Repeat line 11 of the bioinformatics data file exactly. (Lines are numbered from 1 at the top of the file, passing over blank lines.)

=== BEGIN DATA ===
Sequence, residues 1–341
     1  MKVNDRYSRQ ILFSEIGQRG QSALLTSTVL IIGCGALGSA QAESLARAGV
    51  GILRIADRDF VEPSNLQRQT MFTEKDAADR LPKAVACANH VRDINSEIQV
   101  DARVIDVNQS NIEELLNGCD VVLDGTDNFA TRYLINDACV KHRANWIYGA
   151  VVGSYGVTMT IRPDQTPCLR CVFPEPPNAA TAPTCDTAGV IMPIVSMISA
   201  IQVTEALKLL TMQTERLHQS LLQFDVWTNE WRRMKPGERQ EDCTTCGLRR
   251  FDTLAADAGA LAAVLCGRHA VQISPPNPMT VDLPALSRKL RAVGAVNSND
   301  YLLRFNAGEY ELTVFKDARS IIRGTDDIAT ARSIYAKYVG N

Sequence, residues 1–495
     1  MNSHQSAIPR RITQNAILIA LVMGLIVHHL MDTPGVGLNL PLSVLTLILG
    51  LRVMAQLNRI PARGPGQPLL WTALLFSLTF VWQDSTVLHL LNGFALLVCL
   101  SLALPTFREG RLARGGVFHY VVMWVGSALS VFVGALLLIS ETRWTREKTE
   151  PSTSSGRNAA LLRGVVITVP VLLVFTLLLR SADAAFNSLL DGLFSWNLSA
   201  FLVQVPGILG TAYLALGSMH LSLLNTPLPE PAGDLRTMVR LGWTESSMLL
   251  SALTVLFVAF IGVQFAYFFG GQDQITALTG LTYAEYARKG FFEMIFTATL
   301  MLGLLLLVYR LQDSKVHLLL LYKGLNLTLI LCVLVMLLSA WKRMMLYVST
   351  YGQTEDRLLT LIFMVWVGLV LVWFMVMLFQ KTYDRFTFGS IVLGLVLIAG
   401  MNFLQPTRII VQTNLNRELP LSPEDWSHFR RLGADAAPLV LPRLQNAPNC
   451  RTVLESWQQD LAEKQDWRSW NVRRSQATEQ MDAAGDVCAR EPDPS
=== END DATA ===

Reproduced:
    51  LRVMAQLNRI PARGPGQPLL WTALLFSLTF VWQDSTVLHL LNGFALLVCL